On today’s ID the Future Your Designed Body author and physician Howard Glicksman takes a deep dive with Philosophy for the People podcast host Pat Flynn into Glicksman’s new book, co-authored with systems engineer Steve Laufmann. As Glicksman puts it, he and Laufmann look not just at how the human body looks but at what it actually takes for it to work and not die, and what this implies for evolutionary theory. Begin by piling up the layers of complexity in the human body—the layer upon layer of complex interdependent systems. Then ask hard questions about whether any blind and gradual evolutionary process could have kept our evolutionary ancestors alive at every generational stage as all this was gradually engineered by countless random mutations over millions of generations, beginning with the first single-celled organisms billions of years ago. Once one faces those hard questions without retreating to vague just-so stories about nature needing vision (or hearing or any number of other bodily functions) and therefore magically evolving it, at that point Darwinism’s story of gradual and blind evolution collapses. The explanation that is left standing, according to Glicksman, Laufmann, and Your Designed Body: intelligent design. This episode is posted her with the generous permission of Pat Flynn and the Philosophy for the People podcast.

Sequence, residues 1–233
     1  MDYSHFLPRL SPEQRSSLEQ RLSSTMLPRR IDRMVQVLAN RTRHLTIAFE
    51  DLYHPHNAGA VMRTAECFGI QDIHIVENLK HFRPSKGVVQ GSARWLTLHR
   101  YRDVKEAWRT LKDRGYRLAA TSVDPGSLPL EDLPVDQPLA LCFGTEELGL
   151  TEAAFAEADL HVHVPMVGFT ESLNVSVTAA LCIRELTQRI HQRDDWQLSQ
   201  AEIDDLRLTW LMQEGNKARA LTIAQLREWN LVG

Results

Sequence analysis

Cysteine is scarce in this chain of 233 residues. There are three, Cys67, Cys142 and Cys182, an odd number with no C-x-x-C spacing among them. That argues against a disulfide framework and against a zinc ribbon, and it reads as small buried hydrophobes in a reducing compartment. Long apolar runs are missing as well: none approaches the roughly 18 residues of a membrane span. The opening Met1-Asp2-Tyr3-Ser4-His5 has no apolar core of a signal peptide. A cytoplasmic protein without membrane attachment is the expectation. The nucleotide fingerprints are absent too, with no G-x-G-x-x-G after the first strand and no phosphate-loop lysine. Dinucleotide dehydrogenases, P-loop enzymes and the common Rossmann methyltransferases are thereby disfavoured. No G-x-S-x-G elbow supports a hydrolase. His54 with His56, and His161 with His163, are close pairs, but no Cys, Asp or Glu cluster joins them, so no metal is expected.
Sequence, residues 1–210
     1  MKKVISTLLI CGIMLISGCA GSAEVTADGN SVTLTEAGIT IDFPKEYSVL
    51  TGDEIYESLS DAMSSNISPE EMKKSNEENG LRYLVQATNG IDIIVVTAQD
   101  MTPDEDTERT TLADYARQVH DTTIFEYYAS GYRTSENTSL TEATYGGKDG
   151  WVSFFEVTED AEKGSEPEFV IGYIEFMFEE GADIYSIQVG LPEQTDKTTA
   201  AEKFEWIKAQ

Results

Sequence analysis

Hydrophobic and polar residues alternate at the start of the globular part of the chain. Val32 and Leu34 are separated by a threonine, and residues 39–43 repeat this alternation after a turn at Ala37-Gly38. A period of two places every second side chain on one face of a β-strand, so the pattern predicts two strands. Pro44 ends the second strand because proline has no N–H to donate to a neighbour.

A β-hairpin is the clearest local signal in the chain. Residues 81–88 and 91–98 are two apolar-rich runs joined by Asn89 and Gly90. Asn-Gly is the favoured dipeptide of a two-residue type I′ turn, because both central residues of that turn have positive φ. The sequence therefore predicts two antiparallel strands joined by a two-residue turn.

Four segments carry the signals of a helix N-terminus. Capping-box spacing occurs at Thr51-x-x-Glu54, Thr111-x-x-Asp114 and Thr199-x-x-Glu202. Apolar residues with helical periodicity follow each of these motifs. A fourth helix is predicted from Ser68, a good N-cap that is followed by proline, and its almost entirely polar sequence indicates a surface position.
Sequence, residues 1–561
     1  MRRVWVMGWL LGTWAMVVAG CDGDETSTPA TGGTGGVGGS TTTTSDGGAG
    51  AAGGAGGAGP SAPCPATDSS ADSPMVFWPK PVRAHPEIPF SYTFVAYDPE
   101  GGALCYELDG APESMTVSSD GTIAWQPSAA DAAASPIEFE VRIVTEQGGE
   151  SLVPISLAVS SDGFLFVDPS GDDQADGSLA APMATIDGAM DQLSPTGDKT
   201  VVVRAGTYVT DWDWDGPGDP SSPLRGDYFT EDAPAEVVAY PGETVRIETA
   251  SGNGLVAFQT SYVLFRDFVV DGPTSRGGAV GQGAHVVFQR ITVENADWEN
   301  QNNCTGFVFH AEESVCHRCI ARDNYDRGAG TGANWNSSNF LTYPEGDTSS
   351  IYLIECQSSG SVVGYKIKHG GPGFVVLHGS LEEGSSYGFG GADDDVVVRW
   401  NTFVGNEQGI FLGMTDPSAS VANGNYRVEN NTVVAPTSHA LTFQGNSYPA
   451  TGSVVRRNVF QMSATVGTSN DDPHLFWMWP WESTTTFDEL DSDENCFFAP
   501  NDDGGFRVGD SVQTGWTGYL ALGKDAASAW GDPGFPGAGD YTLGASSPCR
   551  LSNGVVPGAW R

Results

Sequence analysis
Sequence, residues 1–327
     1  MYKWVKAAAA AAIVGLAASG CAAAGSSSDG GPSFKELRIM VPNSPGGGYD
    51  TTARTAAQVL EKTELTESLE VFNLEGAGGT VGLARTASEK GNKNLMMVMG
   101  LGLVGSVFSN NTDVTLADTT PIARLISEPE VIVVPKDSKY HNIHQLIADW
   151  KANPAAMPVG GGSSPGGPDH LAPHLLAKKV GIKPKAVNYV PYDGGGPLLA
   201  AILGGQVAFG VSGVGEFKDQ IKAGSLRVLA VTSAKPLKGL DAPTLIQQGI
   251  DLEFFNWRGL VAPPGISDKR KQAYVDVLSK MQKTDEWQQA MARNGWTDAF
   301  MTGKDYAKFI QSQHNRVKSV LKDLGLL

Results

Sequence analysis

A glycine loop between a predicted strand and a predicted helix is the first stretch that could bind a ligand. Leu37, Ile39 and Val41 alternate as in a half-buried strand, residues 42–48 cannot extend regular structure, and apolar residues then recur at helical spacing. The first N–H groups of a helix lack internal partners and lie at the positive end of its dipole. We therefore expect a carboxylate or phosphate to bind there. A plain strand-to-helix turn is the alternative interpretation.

Today’s ID the Future continues geologist Casey Luskin’s presentation about how Earth is fine tuned in numerous ways for life, a talk he gave at the 2022 Dallas Conference on Science and Faith. Here in the second half, he highlights the many ways Earth’s precise mix of atmospheric gases is strikingly fit for life. On top of that (or rather, beneath that), Earth’s active geology and water-rich surface—unique in our solar system—are masterful at helping maintain our life-friendly atmosphere over long ages. Luskin argues that these and other finely tuned characteristics of planet Earth strongly suggest intelligent design. He then offers an additional design argument, this one aesthetic in nature, and then takes questions from the audience. Part 1 of his talk is here.
On this ID The Future, Return of the God Hypothesis author Stephen Meyer again speaks with radio host Michael Medved about the extraordinarily powerful new James Webb space telescope. One researcher, Eric Lerner, has claimed that what the Webb telescope is seeing many billions of light years away (and therefore, many billions of years in the past) undercuts the Big Bang theory. But according to Meyer, the new photographs coming back from Webb actually further confirm the reality that our universe had a beginning (“the Big Bang”) and that it has been expanding ever since. What these Webb images are forcing a rethink on, Meyer says, is the conventional wisdom among cosmologists on galaxy formation in the early universe. Meyer insists the evidence for a cosmic beginning is stronger than ever, as is the God hypothesis that it supports. Image from NASA.